Obama recently unveiled Operation Choke Point, an executive cocktail intended to force banks and payment processors to divine what their customers are using their services to procure—and prohibit such sales/transactions if they fall under a wide range of “high-risk” goods of services.
Well, prohibit is the wrong word. Operation Choke Point isn’t a law. It’s a policy of enforcement. So a bank or payment processor is allowed to have whatever customers it wants, but the DOJ might sue/raid/charge them if they have relationships with any number of “high-risk” customers. Given the arbitrary nature of such enforcement, payment processors and banks are implicitly encouraged to “voluntarily” change their own terms in order to protect themselves from prosecution.
Included in the “high-risk” items for Operation Choke Point are guns and ammunition. Which means that banks and online processors are being encouraged not to do business with gun sellers. One such payment processor, Square, decided recently to change its policies—and I’m sure this had nothing to do with the recent up-ramping of Operation Choke Point:
Today, the Square’s terms prohibit gun-shop owners from using the credit-card processor not only when they are conducting gun sales at their brick-and-mortar stores but even more so when they are offsite, representing their stores at gun shows where they often need the wireless Square Reader to ring up sales on smartphones or tablets. . . .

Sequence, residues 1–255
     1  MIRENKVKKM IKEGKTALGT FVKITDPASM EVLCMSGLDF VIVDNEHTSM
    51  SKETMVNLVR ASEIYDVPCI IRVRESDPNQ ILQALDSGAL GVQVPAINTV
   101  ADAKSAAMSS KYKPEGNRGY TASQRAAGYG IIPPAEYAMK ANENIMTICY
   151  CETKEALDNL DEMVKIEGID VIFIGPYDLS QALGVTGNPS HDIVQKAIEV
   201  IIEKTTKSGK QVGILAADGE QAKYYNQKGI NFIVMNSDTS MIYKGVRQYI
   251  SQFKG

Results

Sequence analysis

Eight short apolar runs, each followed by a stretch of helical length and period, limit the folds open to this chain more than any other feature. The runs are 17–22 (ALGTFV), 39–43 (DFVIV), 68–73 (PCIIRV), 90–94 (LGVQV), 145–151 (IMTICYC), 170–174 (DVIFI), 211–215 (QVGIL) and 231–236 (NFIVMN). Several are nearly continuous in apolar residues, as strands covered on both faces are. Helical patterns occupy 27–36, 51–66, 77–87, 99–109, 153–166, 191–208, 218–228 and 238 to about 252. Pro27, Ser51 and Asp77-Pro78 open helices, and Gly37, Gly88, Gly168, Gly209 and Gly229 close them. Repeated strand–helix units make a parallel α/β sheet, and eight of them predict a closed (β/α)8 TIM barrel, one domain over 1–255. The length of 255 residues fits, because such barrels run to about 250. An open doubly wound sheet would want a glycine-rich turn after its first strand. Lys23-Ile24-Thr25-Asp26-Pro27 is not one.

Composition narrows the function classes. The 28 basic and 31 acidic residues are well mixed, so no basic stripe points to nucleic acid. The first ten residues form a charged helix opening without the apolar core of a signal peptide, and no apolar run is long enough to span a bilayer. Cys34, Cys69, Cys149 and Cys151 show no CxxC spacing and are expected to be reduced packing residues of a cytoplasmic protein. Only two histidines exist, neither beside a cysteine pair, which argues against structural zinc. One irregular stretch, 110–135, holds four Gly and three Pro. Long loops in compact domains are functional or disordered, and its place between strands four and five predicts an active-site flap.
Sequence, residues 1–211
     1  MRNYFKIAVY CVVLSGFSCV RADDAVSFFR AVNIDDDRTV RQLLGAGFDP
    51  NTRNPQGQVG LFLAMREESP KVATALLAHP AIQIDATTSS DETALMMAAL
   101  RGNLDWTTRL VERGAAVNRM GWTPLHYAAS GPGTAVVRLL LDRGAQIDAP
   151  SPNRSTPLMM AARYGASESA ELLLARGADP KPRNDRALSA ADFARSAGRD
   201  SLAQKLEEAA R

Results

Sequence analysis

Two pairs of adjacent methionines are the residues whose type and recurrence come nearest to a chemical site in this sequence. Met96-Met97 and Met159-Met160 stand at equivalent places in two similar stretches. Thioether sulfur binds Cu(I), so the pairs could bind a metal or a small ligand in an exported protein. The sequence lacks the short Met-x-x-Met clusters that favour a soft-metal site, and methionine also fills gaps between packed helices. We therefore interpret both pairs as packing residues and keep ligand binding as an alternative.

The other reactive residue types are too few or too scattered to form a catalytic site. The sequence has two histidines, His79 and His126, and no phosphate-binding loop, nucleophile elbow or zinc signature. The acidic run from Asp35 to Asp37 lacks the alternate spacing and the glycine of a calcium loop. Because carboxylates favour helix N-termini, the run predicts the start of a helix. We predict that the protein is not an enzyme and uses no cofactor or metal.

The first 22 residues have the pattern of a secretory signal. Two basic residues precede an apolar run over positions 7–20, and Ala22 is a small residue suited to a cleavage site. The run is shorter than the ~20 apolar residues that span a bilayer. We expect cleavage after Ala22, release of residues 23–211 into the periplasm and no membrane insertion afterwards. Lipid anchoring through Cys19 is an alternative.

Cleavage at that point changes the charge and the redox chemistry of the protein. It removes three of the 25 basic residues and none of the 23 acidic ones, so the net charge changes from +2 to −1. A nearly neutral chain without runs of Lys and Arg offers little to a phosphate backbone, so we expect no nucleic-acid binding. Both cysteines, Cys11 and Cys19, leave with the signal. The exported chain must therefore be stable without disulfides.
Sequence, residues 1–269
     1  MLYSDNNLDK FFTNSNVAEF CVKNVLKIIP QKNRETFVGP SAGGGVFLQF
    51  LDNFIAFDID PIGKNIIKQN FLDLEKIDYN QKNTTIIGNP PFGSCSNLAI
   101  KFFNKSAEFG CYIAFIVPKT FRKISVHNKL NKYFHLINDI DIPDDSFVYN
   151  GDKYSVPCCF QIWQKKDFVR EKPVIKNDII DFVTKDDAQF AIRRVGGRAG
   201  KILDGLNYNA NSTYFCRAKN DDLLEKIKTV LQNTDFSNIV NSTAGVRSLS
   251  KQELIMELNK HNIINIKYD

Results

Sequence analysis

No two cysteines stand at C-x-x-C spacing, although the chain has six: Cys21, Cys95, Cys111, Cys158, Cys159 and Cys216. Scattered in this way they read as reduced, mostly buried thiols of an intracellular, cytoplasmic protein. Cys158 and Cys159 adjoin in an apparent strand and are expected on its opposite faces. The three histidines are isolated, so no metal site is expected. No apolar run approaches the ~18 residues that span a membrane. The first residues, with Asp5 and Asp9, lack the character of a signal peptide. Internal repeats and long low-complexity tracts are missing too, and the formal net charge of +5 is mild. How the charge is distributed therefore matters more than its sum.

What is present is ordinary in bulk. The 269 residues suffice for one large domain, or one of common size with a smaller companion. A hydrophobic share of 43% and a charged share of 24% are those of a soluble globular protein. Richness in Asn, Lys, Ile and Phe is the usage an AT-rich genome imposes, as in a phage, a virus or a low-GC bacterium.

Square’s revised terms of agreement immediately forced vendors to halt the processing of transactions of citizens who simply wish to buy or sell firearms or ammunition.
The timing of the release of the Square’s new, more stringent terms just so happens to coincide with Operation Choke Point’s initial targeting in the spring of 2013, as reported by The Daily Signal.
The structure and reasoning behind Operation Choke Point are dubious. For one, it amounts to legislating by enforcement, which is in contradiction to the most basic underpinnings of due process. Beyond that, it claims that it aims to “choke out” funding and materiel for terrorists and the criminal underground. But the people most affected by the “law” would be small businesses selling guns, ammunition, and tobacco.
For that matter, Square and Bitcoin (and similar small business payment solutions) might be the “unintended” collateral casualties of the law. Such “off the grid” payment processors have been under fire before for their possible use in money laundering and criminal activity. But the hard fact is that these payment processors offer a distinct local alternative to the centralized banking system and the Federal Reserve. I’m sure Big Money wouldn’t mind if Operation Choke Point were to “accidentally” hurt a free and local monetary system.
The bottom line is that anyone who is legally allowed to have a gun should be able to purchase one in whatever way is voluntarily acceptable between buyer and seller without the civil government’s interference. If Congress will not pass a law on the matter, the Executive branch shouldn’t be allowed to enforce its own laws by fiat. This is another clear example of the President and the DOJ bypassing Constitutional limitations in order to accomplish his own agenda.